"I think that's what the public wants the mayor to do," NYC Mayor Michael Bloomberg told the New York Times yesterday shortly after announcing a proposal to ban sale of sweetened drinks larger than 16 ounces.

The plan does come with several major caveats: The ban will not apply to supermarkets and convenience stores, nor will it cover juices, dairy drinks such as milkshakes, diet drinks, and alcohol. Also, while cups will only be allowed to contain up to 16 ounces, refills are permitted.

A New York City Beverage Association rep responded to the proposal with unsurprising opposition.

"There they go again. The New York City Health Department's unhealthy obsession with attacking soft drinks is again pushing them over the top," said the spokesman in reference to previous attempts by the Bloomberg administration to place a state tax on sodas and prohibit the use of food stamps to purchase sodas. Both efforts failed.

"The city is not going to address the obesity issue by attacking soda because soda is not driving the obesity rates," he continued. "It's time for serious health professionals to move on and seek solutions that are going to actually curb obesity."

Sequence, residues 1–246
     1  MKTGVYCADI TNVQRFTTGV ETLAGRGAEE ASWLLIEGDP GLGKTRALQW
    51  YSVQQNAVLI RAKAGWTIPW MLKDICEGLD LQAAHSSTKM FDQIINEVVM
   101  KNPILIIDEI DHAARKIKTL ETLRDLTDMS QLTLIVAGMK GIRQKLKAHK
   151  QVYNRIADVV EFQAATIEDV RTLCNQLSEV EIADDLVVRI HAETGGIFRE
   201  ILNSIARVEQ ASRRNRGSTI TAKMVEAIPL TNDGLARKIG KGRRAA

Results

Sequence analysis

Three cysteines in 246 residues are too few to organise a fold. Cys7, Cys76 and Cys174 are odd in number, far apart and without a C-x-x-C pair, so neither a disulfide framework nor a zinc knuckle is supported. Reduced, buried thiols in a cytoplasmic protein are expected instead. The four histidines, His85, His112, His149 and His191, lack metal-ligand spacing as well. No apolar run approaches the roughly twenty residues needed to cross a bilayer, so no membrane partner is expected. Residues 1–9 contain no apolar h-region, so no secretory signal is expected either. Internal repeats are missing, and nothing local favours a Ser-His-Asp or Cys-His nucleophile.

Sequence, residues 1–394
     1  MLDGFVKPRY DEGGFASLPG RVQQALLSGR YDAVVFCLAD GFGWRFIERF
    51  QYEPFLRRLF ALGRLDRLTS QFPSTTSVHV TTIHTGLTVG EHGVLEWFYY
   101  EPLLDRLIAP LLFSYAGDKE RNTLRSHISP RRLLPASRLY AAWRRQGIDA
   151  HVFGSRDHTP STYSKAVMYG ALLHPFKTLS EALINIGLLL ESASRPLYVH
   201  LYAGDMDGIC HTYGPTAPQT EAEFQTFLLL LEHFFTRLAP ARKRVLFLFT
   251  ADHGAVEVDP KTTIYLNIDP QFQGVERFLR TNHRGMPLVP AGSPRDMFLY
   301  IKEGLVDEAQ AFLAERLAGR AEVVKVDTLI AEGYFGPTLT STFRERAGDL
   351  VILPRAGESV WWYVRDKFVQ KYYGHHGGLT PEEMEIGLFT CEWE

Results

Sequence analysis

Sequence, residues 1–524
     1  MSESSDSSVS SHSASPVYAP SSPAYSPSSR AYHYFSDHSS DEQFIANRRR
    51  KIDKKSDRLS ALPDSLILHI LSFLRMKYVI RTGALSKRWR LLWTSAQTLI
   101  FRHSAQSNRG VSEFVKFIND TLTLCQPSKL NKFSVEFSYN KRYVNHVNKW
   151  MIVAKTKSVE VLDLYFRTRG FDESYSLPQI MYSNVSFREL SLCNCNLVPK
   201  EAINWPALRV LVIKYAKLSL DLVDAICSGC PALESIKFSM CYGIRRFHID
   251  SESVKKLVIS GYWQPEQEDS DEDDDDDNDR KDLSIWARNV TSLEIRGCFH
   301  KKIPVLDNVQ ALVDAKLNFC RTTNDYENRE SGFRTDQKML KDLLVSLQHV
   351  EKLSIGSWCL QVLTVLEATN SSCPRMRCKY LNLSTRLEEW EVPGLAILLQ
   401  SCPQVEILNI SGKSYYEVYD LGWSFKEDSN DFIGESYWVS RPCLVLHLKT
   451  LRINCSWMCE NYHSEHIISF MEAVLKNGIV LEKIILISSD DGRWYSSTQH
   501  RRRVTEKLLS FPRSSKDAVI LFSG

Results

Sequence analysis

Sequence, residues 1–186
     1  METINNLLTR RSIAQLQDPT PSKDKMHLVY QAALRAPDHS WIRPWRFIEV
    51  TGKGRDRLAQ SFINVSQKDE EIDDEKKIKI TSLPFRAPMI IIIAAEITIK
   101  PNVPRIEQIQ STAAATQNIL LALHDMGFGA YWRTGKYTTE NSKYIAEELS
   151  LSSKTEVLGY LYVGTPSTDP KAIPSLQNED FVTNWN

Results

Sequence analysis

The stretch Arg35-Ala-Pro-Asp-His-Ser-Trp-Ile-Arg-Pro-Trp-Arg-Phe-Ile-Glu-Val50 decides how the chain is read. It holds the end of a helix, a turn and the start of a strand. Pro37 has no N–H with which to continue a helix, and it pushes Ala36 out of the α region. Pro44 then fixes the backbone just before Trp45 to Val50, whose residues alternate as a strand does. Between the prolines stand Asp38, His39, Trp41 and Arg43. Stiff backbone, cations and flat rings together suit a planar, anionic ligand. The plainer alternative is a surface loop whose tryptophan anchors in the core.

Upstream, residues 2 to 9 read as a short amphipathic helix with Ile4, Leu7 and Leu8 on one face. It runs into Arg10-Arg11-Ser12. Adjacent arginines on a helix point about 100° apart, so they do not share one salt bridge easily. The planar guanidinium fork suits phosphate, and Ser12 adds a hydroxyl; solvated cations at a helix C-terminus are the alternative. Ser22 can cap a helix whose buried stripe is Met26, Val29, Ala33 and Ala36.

The Associated Press points out that the ban is likely to be approved as it requires the approval of the city's Board of Health members — all of whom were appointed by the mayor.

The soda ban, which is expected to take effect next March, comes on the heels of a temporary suspension of the recently enacted ban on smoking in New York's state parks, beaches, and pools.

Earlier in the day the FDA ruled against the Corn Refiners Association request to relabel high fructose corn syrup "corn sugar."

[image via NYC Health]